Working well with someone who is "bossing" you is a major factor to consider. 

6.  Will you be challenged?

Forget a cushy job. At this point in your career, you should desire a position that grows your skills and expands your offerings as an employee — just in case you wind up having to divorce this position. 

If you know you'll be able to set goals to outperform yourself, you will not only make yourself invaluable to the company, but you'll also be making an investment in your future that will pay in dividends. 

Do the research.

7. Will you resent your salary in six months? 

It's very rare to be head-over-heels in love with your salary from the start, but around 40% of women report being unsatisfied with their current pay. It's one thing to accept a salary or wage that is below asking, it's another to accept a wage that is well beneath you. 

You'll end up angry, frustrated, and ultimately, less productive. 

8. Are there benefits? 

Health care costs add up, and they are something you should factor into your decision. Don't get blind-sighted by the salary without considering other costs you may incur on your own. 

Most companies that offer benefits do so after 90 days. Be sure to ask what the company policy is, and if they don't have benefits, check out our post on how to negotiate benefits

9. Is it corporate, startup, or freelance? And is the environment right for you?

You know you best. So when it comes to choosing the right office culture, think hard. The corporate job might pay more, but are you going to become frustrated and disillusioned when every idea you have has to be vetted by ten people up the ladder? Are you willing to commit to the kind of hours a startup requires?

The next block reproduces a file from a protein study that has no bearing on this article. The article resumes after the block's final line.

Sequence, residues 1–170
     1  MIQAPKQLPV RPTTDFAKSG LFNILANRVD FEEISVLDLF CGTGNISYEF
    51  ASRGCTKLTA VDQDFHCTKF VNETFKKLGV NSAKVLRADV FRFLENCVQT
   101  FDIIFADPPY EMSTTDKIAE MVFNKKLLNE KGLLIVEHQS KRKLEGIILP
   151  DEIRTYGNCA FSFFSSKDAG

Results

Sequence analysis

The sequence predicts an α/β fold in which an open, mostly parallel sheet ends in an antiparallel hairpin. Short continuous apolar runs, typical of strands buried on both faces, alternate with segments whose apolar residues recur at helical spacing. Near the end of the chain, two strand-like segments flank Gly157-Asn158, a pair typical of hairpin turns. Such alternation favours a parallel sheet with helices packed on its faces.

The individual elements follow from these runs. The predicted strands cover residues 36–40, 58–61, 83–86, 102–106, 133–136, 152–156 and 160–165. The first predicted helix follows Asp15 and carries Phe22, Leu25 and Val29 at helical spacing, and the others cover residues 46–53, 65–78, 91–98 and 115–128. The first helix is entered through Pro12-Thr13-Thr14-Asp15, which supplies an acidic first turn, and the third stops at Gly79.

If you're accepting a freelance job make sure to set parameters before committing. Don't accept a job where the expectations are so high, you're primed for failure. 

10. What’s your commute?

The average U.S. worker commutes approximately 25 minutes to work each day. Could you imagine commuting more than that?

Here's the rub. Most employees are spending much more on commuting than they realize. From gas to maintenance, it's an important factor to consider in the long-run. 

A nasty commute can contribute to a nasty attitude. If you're spending over an hour in the car in the AM, you're not going to arrive at the office bright, cheery, and ready to put in work.

11. What are the potential problems?

As with any relationship, there will be issues. Outline what you think they will be — from long hours to travel complications to communication issues, and be honest with yourself if they are problems you can accept. 

Once you accept them, don't moan and groan when they crop up. 

12. Have you checked out Glassdoor?

With a database of 8 million company reviews, CEO approval ratings, and salary reports, you can do a bit of online shopping before you buy into the company. 

13. Is this your dream J-O-B?

By all means, what are you waiting for? Sign that offer letter and get ready for a lifetime of career happiness. (But also remember, that it's when the dream becomes a reality, the real work starts.)